Your estate must pass through probate when you retain personal control of your property and arrange for its transfer through the execution of a last will. Probate is often avoided because of the fact that it is time-consuming and potentially expensive. One way that you could transfer property outside of probate would be to utilize joint tenancy with right of survivorship.
A joint tenancy exists when more than one person owns property. You could add a joint tenant or co-owner to your property, and this individual would have equal ownership rights. Because of the right of survivorship, if you were to pass away the surviving joint tenant would become the sole owner of the property. Probate would not be a factor.
It should be noted that there can be more than two joint tenants. If you died and there were two or more joint tenants surviving, they would share ownership of the property equally.
On the surface joint tenancy can sound like the ideal solution when you are planning your estate. However, there are some problems with joint tenancy that you should understand before you decide that this is the probate avoidance tool that you want to utilize.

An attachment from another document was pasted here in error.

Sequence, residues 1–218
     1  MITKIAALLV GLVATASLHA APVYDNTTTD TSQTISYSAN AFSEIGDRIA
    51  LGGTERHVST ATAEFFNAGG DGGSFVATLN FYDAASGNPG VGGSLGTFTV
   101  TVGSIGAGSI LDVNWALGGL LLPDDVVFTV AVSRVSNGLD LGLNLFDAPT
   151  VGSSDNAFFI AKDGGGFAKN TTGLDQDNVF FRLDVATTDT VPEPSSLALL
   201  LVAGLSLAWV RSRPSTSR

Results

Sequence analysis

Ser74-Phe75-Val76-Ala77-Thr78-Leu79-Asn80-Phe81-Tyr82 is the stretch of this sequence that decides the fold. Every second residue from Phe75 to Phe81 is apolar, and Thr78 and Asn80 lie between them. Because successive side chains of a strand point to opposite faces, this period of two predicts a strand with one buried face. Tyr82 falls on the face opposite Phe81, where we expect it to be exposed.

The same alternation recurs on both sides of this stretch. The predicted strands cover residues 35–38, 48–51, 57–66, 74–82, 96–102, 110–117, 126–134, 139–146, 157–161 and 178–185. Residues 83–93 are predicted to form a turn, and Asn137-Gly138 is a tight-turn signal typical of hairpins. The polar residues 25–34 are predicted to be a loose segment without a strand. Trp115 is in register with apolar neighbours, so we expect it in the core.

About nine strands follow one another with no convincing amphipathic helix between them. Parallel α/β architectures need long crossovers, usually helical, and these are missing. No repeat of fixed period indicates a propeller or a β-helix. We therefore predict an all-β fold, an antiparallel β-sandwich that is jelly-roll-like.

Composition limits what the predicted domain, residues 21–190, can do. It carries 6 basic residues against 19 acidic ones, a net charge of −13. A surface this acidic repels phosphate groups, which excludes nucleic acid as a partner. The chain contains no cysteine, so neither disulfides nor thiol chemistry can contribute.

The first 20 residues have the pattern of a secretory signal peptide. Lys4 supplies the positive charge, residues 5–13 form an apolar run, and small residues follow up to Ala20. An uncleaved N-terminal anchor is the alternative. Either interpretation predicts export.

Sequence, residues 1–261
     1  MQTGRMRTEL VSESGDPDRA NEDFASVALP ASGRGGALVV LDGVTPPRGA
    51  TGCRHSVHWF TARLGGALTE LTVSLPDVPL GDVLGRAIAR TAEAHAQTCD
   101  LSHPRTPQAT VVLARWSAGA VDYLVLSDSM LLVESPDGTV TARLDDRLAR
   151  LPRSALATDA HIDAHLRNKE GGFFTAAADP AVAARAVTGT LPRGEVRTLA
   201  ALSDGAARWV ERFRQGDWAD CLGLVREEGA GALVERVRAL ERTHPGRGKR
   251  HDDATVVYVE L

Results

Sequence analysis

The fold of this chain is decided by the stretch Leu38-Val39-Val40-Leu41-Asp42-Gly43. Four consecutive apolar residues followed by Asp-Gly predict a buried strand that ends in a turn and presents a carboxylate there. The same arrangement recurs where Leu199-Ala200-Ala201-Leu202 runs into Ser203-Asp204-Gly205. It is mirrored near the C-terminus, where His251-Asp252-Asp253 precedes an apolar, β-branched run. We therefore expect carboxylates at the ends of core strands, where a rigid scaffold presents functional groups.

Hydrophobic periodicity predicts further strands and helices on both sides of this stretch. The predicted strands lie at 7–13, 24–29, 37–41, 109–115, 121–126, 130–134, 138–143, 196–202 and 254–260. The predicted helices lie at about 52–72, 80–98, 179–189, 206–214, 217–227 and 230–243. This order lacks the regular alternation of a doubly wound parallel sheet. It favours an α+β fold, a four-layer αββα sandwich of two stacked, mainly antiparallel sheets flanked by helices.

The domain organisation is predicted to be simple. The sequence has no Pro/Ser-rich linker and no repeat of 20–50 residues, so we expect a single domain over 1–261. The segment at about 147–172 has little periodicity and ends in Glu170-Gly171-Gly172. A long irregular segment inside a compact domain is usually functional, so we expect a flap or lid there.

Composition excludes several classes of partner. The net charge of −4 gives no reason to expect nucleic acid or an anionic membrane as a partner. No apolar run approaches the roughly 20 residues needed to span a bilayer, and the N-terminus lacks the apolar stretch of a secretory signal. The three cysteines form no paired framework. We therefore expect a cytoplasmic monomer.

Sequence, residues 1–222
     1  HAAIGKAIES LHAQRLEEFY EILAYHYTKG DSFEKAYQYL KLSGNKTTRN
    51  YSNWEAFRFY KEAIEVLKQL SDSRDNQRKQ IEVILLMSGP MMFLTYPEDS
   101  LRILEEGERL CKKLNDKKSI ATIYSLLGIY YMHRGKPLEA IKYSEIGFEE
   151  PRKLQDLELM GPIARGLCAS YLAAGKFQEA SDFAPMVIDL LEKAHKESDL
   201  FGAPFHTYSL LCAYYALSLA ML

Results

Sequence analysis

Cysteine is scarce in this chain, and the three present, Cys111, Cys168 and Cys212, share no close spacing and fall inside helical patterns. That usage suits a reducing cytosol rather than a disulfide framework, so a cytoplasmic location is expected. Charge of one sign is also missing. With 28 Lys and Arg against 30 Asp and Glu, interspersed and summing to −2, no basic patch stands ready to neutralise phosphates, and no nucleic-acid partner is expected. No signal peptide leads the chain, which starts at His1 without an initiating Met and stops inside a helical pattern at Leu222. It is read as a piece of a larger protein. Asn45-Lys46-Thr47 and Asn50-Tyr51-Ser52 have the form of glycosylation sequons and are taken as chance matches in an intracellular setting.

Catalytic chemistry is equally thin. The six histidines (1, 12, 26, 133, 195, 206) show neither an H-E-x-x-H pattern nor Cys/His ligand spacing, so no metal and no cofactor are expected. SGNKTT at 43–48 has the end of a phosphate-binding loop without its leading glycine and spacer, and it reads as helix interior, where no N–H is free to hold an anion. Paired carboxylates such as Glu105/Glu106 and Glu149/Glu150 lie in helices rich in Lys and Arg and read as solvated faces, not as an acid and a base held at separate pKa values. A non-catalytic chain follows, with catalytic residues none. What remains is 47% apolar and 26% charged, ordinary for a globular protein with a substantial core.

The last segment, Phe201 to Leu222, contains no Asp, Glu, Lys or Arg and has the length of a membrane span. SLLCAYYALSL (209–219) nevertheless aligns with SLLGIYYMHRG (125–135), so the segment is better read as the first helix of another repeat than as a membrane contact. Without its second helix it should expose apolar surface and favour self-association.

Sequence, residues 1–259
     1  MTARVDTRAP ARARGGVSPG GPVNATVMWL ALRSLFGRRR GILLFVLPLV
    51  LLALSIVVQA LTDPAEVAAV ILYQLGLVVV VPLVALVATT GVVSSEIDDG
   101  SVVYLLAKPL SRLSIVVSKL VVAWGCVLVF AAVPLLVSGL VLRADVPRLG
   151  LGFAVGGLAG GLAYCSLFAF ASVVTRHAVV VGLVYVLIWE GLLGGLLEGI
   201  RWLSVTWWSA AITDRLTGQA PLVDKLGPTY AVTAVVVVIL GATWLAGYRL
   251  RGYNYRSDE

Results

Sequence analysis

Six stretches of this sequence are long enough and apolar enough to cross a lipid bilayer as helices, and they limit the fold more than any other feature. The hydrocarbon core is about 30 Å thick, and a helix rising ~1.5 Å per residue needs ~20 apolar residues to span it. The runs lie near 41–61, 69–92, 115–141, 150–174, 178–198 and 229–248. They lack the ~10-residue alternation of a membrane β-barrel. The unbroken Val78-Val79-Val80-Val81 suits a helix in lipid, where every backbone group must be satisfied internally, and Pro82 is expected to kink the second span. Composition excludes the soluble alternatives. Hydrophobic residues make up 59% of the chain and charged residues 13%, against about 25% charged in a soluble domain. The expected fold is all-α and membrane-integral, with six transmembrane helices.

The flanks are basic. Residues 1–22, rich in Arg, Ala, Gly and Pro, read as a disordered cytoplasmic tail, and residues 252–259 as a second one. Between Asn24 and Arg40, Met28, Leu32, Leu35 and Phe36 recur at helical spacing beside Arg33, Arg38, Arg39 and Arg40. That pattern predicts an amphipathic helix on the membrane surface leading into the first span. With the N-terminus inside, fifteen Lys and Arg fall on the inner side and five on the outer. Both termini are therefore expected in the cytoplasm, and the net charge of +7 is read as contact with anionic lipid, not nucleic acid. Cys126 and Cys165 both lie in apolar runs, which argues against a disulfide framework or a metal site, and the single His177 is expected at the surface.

For one thing, you are only delaying a probate proceeding. If you pass away the property that was held in joint tenancy would not be subject to the probate process. However, the property in question would be subject to probate when the last surviving tenant passed away.
Clearly, you are going to bring on a joint tenant that you trust implicitly. Be this as it may, you have to understand the fact that you are taking an enormous leap of faith. The joint tenant has equal rights of ownership, and this has significant implications.
For example, the property cannot be sold unless both (or all) of the joint tenants sign off on the sale. Another thing to take into consideration is the fact that litigants seeking redress from the joint tenant could seek to attach the property.
The same thing is true with regard to financial problems. If a tax lien was imposed on one of the joint tenants the jointly owned property could be attached.
There is also the matter of an unintended disinheritance. Let’s say that you added a single joint tenant to avoid probate, but you actually wanted the value of the property spread among multiple heirs when the joint tenant died.
There is nothing to guarantee this outcome. If there is just one joint tenant he or she would be the sole owner after you die, and there is nothing compelling this individual to comply with your wishes.
If you want to avoid probate there are alternatives to joint tenancy. Feel free to contact our firm to schedule a free consultation if you would like to discuss them.
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Ryan M. DenmanandDennis D. Duffy
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